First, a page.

“… The due process clause must extend equally to all intimate sexual conduct between consenting adults, regardless of whether they are … married or unmarried…”
(Kevin Daley, Daily Caller News Foundation) The 9th U.S. Circuit Court of Appeals ruled Friday that the Roseville, Calif., police department violated the Constitution when they fired a probationary officer for having an extramarital affair with a colleague.
The decision contradicts rulings in other federal appeals courts on similar issues, suggesting the Supreme Court may soon intervene.
The case was occasioned when an internal affairs investigation revealed that officers Shad Begley and Janelle Perez were engaged in an adulterous relationship. Though the inquiry did not yield evidence suggesting they had sexual encounters while on-duty, Perez was subsequently fired. The department claimed she was dismissed for unrelated conduct, though her superiors later admitted they morally disapproved on the Begley-Perez affair.
Perez then sued the city, arguing her termination violated her constitutional rights to privacy and intimate association.
A federal trial court sided with the city but a three-judge panel of the 9th Circuit reversed. Judge Stephen Reinhardt’s opinion for the panel explained the Supreme Court forbade the state taking adverse actions against individuals because they disapprove of private sexual conduct, in a 2003 case called Lawrence v. Texas. In that case, a 6-3 Court struck down a state law criminalizing homosexual sodomy.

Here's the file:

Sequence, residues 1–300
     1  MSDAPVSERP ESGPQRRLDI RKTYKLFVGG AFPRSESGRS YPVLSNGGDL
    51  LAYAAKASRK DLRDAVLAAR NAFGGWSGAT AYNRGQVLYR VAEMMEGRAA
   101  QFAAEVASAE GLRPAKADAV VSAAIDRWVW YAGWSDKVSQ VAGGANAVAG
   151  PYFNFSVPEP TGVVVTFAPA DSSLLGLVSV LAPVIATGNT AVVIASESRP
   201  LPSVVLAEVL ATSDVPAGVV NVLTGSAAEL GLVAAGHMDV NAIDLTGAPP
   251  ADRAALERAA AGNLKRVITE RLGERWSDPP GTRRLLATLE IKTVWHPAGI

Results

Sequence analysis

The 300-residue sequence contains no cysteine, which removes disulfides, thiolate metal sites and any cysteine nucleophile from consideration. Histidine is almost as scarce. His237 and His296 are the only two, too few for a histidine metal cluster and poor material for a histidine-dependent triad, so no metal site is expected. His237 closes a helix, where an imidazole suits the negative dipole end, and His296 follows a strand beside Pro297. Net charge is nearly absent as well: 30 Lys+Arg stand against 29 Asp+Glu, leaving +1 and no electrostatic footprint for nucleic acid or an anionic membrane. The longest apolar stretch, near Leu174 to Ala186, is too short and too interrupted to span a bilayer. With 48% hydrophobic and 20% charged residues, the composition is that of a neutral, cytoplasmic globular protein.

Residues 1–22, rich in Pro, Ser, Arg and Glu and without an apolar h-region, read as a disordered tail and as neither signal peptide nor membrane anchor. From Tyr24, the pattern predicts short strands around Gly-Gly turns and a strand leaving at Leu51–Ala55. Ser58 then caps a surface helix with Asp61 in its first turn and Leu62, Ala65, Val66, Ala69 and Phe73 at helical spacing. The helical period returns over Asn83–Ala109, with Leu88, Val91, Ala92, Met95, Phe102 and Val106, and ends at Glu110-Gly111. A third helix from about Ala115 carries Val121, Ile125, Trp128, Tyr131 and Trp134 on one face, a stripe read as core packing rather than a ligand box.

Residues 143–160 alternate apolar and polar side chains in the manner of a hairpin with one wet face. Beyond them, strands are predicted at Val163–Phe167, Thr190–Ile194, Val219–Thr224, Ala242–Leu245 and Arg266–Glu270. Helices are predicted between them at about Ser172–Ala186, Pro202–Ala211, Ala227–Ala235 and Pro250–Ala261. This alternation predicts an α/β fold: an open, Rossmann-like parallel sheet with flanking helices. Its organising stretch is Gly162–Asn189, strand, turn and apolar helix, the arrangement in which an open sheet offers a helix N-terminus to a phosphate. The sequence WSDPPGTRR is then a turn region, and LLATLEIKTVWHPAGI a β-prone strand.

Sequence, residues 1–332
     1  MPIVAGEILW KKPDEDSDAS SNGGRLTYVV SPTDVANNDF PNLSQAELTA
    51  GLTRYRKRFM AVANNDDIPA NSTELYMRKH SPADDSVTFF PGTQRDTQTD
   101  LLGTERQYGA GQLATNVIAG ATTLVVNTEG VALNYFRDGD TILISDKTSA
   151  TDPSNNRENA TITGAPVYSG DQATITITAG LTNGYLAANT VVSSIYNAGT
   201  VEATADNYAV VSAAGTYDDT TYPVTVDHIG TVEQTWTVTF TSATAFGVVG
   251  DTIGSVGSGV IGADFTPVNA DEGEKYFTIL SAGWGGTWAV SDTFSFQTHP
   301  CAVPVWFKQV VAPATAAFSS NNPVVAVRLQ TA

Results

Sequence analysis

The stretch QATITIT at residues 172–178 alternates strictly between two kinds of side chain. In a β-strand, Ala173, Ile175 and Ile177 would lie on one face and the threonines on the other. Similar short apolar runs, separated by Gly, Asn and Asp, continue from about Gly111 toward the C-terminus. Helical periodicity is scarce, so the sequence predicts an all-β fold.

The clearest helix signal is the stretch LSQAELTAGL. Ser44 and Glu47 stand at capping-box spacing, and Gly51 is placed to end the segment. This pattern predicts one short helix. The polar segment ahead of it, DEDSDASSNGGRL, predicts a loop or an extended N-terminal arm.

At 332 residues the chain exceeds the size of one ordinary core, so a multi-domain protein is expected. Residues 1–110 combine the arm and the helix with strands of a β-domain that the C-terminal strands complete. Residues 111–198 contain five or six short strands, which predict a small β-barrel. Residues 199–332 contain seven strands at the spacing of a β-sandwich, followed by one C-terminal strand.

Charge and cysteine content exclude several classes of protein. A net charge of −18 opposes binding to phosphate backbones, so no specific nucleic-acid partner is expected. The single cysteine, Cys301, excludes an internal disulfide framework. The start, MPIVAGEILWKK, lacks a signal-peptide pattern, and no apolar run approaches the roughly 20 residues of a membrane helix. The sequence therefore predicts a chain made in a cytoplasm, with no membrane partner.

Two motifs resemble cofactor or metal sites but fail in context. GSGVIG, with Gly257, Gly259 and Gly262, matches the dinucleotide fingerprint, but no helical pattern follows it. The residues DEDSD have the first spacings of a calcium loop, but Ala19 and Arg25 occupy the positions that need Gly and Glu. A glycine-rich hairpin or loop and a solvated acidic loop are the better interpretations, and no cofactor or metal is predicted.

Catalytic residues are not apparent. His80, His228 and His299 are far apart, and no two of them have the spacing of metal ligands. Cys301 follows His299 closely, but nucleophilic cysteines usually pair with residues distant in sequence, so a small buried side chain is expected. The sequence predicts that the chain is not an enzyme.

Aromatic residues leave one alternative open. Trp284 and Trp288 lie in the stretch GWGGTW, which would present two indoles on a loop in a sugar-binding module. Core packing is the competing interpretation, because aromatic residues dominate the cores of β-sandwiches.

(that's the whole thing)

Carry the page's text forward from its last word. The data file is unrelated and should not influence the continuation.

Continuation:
Pointing to the Lawrence decision, Reinhardt said the police department was wrong to attach a stigma to Perez’s adulterous conduct and take retaliatory action against her.
“As the [Supreme] Court explained, the liberty protected by the due process clause must extend equally to all intimate sexual conduct between consenting adults, regardless of whether they are of the same sex or not, married or unmarried,” he wrote.
The opinion suggests Perez could be fired if her affair substantially affected her on-duty performance.
The 5th and 10th U.S. Circuit Courts have taken the opposite position in similar cases. The 5th Circuit upheld the termination of two Bossier Parish sheriff’s deputies in 2017, after the pair essentially switched wives and sought divorces from their legal spouse. A decade earlier in 2008, the 10th Circuit sanctioned the dismissal of a female officer for having an affair, finding there is no “fundamental liberty interest ‘to engage in a private act of consensual sex.’”
The Supreme Court often takes cases when multiple appeals courts disagree over the same question of law. Given the gravity of the issue and the split between the circuits, the justices may review this case, or a similar one, in the near future.
The case will now return to the trial court for further proceedings.
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